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Cryptocurrency business gets breaks in Canada

As cryptocurrencies slowly gain popularity, regulators and central banks are increasing their focus on the novel investment instruments. The People’s Bank of China recently declared fundraising through cryptocurrencies illegal out of concern for the country’s financial markets. In contrast, Canada is taking a more measured approach.

Because of cryptocurrencies’ esoteric nature, the CanadianSecurities Administrators (CSA) recently published a paper offering guidance on initial token offerings (ITOs) and initial coin offerings (ICOs). The document offers specific guidelines for different cases — particularly when tokens and coins be treated like equities and when they should be seen more like conventional money.

On the provincial level, regulators are helping firms in the cryptocurrency business ensure they don’t act offside existing laws. According to, the Autorite des marches financiers (AMF) recently accepted an ICO by Quebec responsible-investing firm Impak Finance as a security offering. The AMF has even accepted the company as a two-year test case for its regulatory sandbox, granting it relief from certain requirements normally imposed on securities issuers as long as it meets other terms.

More recently, the British Columbia Securities Commission (BCSC) granted First Block Capital, an investment fund manager and exempt-market dealer, the first registration in Canada solely dedicated to cryptocurrency investments.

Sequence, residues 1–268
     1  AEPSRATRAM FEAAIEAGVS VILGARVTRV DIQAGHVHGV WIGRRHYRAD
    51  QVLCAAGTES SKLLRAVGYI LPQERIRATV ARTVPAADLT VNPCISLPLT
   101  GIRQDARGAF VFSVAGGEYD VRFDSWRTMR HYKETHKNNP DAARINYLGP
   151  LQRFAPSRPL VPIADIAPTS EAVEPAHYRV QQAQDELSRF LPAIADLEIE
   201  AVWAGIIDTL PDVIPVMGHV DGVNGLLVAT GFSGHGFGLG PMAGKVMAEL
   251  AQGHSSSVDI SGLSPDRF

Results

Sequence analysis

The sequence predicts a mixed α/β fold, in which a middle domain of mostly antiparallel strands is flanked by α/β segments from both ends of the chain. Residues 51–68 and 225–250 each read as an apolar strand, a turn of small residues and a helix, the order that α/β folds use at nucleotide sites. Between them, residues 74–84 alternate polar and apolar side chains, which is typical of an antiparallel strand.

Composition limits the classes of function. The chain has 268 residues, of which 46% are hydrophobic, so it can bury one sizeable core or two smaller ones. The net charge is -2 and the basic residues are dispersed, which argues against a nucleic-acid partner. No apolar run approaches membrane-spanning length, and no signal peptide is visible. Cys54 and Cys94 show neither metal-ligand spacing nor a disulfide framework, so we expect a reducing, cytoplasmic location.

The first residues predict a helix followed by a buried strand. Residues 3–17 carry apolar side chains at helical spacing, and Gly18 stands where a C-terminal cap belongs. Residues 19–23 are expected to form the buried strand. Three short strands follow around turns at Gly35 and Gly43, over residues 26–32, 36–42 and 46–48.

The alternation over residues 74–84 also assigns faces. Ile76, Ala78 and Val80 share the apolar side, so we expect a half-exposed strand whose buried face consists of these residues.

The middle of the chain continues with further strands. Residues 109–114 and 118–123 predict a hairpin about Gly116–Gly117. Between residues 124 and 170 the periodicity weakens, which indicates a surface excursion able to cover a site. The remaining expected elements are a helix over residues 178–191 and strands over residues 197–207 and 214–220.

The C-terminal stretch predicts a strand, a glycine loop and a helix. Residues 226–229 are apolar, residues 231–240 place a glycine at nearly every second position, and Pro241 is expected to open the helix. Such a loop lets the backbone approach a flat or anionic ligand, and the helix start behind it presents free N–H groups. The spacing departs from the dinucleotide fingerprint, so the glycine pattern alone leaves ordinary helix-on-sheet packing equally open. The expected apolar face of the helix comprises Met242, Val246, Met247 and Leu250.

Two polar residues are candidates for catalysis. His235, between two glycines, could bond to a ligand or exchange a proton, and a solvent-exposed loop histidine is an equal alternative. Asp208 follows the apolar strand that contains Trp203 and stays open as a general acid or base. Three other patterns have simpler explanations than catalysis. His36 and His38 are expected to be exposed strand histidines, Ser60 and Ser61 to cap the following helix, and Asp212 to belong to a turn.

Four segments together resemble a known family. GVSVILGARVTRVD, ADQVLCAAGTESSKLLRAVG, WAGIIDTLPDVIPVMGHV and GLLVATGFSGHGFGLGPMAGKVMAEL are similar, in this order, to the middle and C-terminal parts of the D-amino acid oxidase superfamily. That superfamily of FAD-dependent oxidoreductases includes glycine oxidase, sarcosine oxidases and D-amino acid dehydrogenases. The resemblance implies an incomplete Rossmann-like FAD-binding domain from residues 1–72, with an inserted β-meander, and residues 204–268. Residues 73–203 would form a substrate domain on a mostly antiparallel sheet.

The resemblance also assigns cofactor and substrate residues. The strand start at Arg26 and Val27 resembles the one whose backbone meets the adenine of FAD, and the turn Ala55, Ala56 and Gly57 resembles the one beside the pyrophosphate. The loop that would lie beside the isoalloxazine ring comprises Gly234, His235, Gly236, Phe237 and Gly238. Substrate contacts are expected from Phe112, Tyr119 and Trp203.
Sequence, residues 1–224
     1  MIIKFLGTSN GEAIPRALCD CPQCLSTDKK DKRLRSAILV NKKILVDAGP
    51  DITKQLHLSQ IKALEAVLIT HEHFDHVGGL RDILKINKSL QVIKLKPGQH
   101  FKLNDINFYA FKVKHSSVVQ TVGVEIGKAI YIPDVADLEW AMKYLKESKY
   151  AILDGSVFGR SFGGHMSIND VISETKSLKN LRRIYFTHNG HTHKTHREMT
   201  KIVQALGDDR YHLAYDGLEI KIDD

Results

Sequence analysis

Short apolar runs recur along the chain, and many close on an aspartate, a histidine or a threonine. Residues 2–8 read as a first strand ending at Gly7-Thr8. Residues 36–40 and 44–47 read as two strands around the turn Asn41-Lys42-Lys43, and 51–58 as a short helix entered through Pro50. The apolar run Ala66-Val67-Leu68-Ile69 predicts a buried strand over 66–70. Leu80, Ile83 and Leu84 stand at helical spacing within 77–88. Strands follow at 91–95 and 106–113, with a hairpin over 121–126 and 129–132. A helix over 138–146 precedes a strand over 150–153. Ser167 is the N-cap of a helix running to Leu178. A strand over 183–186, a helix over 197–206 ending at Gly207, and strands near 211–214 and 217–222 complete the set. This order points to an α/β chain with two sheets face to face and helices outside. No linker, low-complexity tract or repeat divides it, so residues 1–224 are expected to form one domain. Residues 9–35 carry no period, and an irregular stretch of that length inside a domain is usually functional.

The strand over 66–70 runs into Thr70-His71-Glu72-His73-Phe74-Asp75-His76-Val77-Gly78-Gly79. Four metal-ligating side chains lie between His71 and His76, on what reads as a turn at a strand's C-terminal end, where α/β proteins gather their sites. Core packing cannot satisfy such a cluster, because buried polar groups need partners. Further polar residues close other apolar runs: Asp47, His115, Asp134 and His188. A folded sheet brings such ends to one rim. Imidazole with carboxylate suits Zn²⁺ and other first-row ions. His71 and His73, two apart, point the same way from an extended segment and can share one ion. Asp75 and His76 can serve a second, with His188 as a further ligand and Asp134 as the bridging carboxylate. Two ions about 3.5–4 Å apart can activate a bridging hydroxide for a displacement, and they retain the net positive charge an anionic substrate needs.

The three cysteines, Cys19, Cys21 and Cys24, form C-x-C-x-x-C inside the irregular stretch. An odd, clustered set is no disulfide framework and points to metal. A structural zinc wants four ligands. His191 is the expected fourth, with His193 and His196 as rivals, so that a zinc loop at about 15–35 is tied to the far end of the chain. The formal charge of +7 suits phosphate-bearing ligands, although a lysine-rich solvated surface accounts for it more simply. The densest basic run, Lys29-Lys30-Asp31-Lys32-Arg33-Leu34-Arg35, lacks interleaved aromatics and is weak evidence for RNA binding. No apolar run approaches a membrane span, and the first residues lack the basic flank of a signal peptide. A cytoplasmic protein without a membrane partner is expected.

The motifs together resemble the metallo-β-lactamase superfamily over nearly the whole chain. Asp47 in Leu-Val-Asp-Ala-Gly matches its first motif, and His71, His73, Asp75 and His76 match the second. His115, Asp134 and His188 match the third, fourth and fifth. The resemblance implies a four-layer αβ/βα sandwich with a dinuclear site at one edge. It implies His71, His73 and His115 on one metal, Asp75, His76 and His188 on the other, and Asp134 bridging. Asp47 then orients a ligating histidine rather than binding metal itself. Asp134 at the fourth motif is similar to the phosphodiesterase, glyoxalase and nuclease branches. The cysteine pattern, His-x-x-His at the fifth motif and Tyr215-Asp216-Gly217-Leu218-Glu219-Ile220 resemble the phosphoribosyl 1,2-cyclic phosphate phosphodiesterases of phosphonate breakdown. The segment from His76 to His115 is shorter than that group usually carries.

“[T]here is a strong appetite for access to these kinds of investments,” said Zach Masum, manager for legal services and capital markets regulation and leader of the Tech Team at the BCSC. “This first registration allows access to bitcoin investments, while providing the BCSC with unique mechanisms to monitor operations in a rapidly developing area.”

The terms of First Block’s registration allow the firm to work under the current regulatory framework with a certain degree of flexibility. At the same time, they give the BCSC tools to evaluate the identified risks from the new fund type.

“We strongly encourage other companies in British Columbia, whether they are potential new registrants or existing investment fund managers, to contact the BCSC’s Tech Team if they are considering pursuing cryptocurrency investments in their funds,” Masum said. The BCSC’s Tech Team was established in January to help tech and fintech firms in BC in being aware of their requirements under securities regulation. It expects to issue a publication later this year summarizing results of its outreach and proposing next steps.